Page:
*David* said...

376K references on Google for Artoo and 79K for Artwo. I have always called the lovable little droid Artoo-Detoo

*David* said...

376K references on Google for Artoo and 79K for Artwo. I have always called the lovable little droid Artoo-Detoo

Charles Bogle said...

I'm w jazz and mac...thank you Donna Levin, very pleasing Wed puzzle; always like a dog theme. Learned some new words eg ROOD, places, ARAN. Don't see anything unacceptably grim about STAYOFEXECUTION-after all, it means a life has been (at least temporarily) spared...did not care for DETOO-never heard "him" referred to phonetically. Liked: ROTATOR, STINT. Don't get ELIA for "Lamb's pen name". Liked this better than today's NYT

Anonymous said...

Enlighten me ... what does DIY mean as the answer to 40D Like some home improvement projects, briefly, My brain isn't serving up an explanation at the moment. Bob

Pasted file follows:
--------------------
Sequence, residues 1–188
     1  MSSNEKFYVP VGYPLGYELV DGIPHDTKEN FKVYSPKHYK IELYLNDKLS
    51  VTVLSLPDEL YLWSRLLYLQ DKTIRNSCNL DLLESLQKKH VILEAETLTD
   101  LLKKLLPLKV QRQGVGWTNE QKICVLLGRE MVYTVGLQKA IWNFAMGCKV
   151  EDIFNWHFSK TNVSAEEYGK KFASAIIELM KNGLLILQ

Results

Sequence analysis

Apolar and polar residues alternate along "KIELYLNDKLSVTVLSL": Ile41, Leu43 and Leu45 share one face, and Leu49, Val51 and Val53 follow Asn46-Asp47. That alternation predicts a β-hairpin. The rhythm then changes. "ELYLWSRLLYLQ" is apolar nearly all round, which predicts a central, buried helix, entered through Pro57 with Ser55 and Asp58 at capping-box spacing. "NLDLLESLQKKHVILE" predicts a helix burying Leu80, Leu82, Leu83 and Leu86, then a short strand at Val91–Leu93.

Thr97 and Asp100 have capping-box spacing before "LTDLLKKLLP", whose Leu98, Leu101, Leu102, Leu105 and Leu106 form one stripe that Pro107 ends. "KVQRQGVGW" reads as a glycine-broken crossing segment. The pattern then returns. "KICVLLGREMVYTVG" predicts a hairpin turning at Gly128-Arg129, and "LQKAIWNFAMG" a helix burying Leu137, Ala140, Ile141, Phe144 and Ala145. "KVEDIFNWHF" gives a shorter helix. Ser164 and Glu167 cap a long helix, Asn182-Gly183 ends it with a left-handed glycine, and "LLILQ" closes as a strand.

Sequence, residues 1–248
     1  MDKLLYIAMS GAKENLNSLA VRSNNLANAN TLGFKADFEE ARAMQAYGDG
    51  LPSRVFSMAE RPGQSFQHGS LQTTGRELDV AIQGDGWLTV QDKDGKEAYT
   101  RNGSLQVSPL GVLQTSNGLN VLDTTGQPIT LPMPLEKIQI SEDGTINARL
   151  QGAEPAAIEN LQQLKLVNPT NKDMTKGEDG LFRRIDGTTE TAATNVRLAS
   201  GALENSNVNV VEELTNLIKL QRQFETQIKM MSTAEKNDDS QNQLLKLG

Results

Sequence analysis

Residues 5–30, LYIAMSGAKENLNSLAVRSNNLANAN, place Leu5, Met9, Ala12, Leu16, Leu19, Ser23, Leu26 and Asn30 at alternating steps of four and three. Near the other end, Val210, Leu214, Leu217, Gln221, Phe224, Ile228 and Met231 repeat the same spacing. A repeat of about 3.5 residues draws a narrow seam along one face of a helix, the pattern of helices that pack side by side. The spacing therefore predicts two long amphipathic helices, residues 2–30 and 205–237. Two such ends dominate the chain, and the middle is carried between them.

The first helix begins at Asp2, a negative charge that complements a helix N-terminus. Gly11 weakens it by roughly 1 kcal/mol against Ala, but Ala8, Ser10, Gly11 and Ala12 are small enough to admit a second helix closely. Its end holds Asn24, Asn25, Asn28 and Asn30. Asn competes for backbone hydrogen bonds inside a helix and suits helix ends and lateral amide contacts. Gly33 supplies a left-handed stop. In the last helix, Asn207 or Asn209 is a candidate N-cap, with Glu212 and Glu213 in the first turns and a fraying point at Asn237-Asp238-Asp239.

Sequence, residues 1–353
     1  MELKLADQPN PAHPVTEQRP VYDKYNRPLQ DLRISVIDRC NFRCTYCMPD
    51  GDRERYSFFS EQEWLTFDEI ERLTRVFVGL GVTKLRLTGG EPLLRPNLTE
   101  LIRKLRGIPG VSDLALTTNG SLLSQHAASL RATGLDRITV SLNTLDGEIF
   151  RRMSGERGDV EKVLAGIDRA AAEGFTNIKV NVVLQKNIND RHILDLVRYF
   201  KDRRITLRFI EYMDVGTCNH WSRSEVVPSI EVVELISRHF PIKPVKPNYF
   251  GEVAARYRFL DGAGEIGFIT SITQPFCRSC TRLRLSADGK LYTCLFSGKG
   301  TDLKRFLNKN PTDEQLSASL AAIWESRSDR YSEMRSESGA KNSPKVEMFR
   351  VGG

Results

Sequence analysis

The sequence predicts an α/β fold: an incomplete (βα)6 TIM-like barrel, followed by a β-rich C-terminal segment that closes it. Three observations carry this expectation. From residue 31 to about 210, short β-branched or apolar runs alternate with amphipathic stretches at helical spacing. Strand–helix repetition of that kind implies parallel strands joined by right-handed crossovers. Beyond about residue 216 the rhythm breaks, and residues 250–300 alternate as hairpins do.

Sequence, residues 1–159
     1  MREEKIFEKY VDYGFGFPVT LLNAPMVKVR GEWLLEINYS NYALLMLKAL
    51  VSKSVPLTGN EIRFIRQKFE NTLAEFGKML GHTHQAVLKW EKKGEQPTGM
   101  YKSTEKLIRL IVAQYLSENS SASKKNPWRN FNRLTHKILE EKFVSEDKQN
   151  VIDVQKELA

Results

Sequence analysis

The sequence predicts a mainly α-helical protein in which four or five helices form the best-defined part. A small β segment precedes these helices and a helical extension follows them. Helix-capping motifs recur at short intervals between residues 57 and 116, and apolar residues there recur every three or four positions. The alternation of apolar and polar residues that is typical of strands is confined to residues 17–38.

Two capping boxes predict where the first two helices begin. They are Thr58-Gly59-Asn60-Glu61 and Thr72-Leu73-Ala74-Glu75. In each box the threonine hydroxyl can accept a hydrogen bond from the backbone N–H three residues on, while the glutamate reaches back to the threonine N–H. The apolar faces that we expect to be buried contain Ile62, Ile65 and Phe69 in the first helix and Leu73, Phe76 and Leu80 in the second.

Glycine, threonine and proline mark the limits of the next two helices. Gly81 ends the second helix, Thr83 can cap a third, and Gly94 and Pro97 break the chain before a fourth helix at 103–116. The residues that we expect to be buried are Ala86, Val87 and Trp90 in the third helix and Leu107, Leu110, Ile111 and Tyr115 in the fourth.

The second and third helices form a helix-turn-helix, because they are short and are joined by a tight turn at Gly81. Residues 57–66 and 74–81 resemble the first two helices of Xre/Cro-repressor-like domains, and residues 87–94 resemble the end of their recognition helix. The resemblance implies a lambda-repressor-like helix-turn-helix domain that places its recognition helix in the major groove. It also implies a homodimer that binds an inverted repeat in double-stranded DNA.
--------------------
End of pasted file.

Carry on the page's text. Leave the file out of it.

mac said...

@anonymouse: it means "do it yourself".

Anonymous said...


Do it Yourself.

- - Robert

Donna said...

@Jazz, et al. -- I can't speak for all constructors, but I regularly check the blogs of Orange, Rex and PuzzleGirl in the hope of learning what I can do to improve my work. Even if an editor likes a puzzle enough to publish it, the puzzle is still a failure if the solvers think poorly of it. I count on you guys to teach me what I'm doing right and what I'm doing wrong.

Sfingi said...

@shrub5 tsars and czars "are alive and well and living in" crossword puzzles, as is Elia. Has anyone purposely built a crossword puzzle using all the tritest words?

16A Aran/Channel/Fair isle sweaters - Me puir auld mither - now gaga, but adorable - used to make such for babies, including teeny tiny popcorns, waffles, twists, etc.